Egyptian army to hold fire as protests swell

Updated: 2011-02-02 08:25

By Samia Nakhoul and Sherine El Madany (China Daily)

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CAIRO - The Egyptian army promised to hold their fire as crowds gathered in central Cairo on Tuesday for a protest they hoped would swell to a million people.

President Hosni Mubarak's newly appointed vice-president, intelligence chief Omar Suleiman, began talks with opposition figures on Monday and promised reforms. The army also declared the protesters demands legitimate.

But protesters in Cairo's Tahrir Square, who kept vigil through the night in defiance of a curfew, vowed to continue their campaign until the 82-year-old Mubarak quit.

"The only thing we will accept from him is that he gets on a plane and leaves," said 45-year-old lawyer Ahmed Helmi.

Protesters, inspired in part by a revolt in Tunisia which toppled its president Zine al-Abidine Ben Ali on Jan 14, have demanded an end to the current political rule.

Mohamed ElBaradei, former head of the International Atomic Energy Agency (IAEA), has offered to act as a transitional leader to prepare Egypt for elections. Many Egyptians, however, have said they had reservations about a man who has spent much of his recent career outside the country.

Suleiman appeared on state television on Monday to say Mubarak had asked him to begin talks with all political forces on reforms. Some saw his appearance - rather than that of the president - as a sign Mubarak was already on his way out.

At least 140 people have died since demonstrations began last Tuesday.

In Egypt's second largest city, Alexandria, thousands of people gathered near the main railway station, many with food and blankets, saying they would join Tuesday's "march of a million".

Officials said rail services would be disrupted on Tuesday by curfew orders, which may keep some people away from protests.

Foreign governments, meanwhile, scrambled to ensure the safety of their nationals trapped by the unrest in Egypt. Companies also pulled out staff as confrontation brought economic life to a halt.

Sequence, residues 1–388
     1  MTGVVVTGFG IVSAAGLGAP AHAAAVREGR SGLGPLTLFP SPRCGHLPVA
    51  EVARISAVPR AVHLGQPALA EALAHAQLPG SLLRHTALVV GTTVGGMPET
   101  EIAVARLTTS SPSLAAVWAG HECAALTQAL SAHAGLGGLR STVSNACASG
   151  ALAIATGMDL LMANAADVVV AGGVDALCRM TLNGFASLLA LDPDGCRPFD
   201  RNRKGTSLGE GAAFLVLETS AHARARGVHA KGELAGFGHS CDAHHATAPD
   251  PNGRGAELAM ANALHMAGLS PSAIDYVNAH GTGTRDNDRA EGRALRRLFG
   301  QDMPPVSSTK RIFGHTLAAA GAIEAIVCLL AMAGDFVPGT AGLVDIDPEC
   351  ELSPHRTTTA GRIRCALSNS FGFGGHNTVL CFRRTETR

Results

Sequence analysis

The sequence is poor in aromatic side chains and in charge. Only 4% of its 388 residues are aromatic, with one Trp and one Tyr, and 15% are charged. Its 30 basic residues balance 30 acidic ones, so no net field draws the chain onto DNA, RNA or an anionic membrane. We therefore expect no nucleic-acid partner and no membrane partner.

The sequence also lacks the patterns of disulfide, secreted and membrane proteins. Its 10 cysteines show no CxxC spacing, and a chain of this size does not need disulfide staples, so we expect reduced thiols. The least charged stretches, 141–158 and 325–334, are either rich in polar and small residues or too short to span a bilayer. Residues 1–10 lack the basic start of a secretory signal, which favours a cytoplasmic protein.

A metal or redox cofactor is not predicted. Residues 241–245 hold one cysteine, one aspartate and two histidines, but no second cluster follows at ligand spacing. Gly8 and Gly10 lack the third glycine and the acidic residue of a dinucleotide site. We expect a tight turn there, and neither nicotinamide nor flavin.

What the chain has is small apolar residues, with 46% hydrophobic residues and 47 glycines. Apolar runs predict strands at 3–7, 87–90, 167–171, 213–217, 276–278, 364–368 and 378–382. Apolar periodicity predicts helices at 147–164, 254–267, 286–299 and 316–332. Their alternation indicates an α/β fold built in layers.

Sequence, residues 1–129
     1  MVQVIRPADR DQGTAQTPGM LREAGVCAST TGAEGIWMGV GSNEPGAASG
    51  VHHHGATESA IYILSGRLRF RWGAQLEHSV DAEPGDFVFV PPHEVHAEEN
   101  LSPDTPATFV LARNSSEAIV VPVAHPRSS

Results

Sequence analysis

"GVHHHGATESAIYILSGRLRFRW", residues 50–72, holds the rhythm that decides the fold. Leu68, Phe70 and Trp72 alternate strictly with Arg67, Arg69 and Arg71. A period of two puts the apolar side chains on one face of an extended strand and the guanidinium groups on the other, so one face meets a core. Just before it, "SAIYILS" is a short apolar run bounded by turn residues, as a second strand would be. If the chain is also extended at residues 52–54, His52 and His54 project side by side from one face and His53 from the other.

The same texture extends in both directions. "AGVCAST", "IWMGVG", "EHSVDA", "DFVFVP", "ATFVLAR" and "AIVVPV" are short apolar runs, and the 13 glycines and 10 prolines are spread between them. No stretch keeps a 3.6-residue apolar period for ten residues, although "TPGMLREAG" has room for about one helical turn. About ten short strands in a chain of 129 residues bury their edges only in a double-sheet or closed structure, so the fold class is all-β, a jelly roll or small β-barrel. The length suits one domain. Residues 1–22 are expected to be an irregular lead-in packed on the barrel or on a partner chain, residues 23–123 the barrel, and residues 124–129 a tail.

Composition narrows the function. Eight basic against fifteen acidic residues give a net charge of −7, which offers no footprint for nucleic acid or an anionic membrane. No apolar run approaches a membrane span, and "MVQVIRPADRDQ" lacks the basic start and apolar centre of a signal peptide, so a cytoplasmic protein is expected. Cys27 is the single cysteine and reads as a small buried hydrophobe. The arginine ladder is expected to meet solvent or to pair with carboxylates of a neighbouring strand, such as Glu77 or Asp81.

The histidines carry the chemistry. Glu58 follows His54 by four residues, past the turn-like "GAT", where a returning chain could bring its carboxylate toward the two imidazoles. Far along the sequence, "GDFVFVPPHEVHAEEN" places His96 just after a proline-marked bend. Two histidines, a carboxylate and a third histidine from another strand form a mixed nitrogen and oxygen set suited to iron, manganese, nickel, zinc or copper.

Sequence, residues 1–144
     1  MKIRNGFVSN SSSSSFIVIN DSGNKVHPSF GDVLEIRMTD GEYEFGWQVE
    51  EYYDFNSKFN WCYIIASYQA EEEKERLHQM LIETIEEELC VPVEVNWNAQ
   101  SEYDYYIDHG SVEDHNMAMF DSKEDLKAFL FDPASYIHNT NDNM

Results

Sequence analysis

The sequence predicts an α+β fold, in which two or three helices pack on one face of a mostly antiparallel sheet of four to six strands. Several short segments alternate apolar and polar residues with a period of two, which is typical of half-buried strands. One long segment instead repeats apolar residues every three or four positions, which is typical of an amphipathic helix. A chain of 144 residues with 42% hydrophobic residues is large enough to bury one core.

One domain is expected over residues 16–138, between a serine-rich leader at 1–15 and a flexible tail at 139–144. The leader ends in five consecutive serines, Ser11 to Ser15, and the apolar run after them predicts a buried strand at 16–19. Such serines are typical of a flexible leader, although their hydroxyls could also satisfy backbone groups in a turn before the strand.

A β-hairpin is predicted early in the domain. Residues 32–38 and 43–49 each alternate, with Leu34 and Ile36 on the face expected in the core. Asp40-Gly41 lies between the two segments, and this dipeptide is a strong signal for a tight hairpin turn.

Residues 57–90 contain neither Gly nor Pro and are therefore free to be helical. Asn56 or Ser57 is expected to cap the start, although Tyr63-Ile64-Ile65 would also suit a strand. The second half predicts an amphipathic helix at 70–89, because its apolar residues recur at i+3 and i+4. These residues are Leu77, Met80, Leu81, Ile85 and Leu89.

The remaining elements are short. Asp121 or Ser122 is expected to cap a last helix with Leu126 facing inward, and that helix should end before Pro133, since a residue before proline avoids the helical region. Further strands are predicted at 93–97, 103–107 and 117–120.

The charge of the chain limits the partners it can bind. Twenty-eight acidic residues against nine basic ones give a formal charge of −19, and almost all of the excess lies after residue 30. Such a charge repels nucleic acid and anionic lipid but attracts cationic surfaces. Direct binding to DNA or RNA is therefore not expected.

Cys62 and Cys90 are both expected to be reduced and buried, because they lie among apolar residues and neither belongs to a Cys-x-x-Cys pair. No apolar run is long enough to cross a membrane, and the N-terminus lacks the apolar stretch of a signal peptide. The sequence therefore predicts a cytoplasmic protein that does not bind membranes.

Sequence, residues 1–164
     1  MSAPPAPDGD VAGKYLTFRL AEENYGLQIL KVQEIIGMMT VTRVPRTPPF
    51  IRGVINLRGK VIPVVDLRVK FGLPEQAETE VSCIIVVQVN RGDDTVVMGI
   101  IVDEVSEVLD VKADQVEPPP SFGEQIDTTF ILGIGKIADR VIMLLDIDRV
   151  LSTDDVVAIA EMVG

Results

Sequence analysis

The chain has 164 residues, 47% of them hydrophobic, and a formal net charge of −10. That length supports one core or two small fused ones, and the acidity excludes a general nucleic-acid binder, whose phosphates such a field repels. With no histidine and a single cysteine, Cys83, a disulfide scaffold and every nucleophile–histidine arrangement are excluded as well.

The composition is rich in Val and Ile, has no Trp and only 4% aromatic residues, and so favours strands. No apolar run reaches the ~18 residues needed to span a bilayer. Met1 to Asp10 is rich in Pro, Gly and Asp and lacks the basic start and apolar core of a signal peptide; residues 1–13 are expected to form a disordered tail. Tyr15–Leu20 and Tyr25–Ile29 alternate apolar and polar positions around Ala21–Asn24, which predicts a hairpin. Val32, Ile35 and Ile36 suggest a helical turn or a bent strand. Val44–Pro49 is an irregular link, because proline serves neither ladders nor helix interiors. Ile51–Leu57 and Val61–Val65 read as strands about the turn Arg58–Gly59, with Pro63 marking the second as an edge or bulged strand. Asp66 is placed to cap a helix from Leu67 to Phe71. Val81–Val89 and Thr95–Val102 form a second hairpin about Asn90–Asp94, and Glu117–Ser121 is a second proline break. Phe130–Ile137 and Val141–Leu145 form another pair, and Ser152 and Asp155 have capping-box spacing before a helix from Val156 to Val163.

Chinese Civil Aviation Administration of China (CAAC), the nation's aviation authority, said Tuesday it is doing its best to organize flights to Egypt to bring home Chinese travelers stranded in the North African nation.

China has arranged six flights to fly the stranded Chinese nationals home, CAAC said in a statement on its website.

Two planes carrying a total of 480 Chinese nationals arrived at Beijing and south China's Guangzhou city Tuesday afternoon.

Two more planes - one belonging to China Southern Airlines and the other to Hainan Airlines - will leave for Egypt also on Tuesday afternoon.

The Southern Airlines flight will bring back about 200 Hong Kong residents stranded in Luxor. The Hainan Airlines flight will fly to Cairo to bring Chinese travellers stranded there home.

"We will do our best and if necessary send more flights to Egypt to bring stranded Chinese home for the Chinese Lunar New Year," the statement quoted CAAC director Li Jiaxiang as saying.

The unrest has spooked markets on fears it could spread across the Middle East, including to oil producing states like Saudi Arabia. Europe's benchmark Brent crude oil rose above $100 a barrel for the first time since 2008 on Monday.


(China Daily 02/02/2011 page4)


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